Providing Light to a Cloudy Career Outlook
Tom's goal was simply to like the job again, and he achieved it. Using the iWAM to profile the assistant and the manager revealed the problem: they were motivated by completely different factors. For example, Jerry scored 10% for the "Focus on the Past" pattern and 150% for the "Focus on the Future" pattern. These scores mean that the manager is extremely motivated by thoughts of the future. He is a strategic thinker, his focus is on the long-term implications, and he wants to make decisions that will really help the company five years from now. Tom, on the other hand, scored 145% on "Focus on the Past" and -10% on "Focus on the Future." These scores are complete opposites, and Tom is highly motivated by past events. He always thinks back to what he has learned from his past mistakes and successes, and he makes decisions based on what his experience has taught him.
So what is the outcome when co-workers have completely different motivations? Disaster. This is where the co-workers in our case find themselves. But there is a way to avoid this disaster, and even to resolve it: By understanding their differences and adjusting the way they communicate, people can greatly improve their relationships, and find it much easier to talk to and motivate others.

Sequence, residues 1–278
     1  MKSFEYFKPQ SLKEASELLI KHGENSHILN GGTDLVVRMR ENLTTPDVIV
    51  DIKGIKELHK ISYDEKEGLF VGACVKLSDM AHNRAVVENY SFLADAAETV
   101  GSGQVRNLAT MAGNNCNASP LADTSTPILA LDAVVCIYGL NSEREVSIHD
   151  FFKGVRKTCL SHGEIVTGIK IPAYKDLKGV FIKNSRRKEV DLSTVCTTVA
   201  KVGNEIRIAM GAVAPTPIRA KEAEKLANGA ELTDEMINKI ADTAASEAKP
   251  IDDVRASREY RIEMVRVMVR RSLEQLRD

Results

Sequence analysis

John Lane-Smith knew this of course, and he had a one-hour consultation with Jerry explaining how he could motivate his assistant. John conveyed that none of the metaprogram patterns are bad. We just have to be aware of them and how to use them. No one should be ashamed of a focus on the past or the future. For some jobs, certain metaprograms may be highly advantageous. The most successful auditors, for example, are often motivated by the past. They examine an organization's records, and may give advice based on past experience. A focus on the future, however, is helpful in positions where prediction and future planning is important, such as stock brokers, meteorologists, and even many upper-level managers. John explained these ideas and used the iWAM Management Report to show exactly what words and methods could be used to motivate Tom.
Two days after the consultation, Tom called John asking what he had done to his project manager, and saying that his life had turned around. Things had changed again. This time Tom was back to his enthusiastic, productive, capable self!
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last modified: 2006/Aug/07 17:57 CEST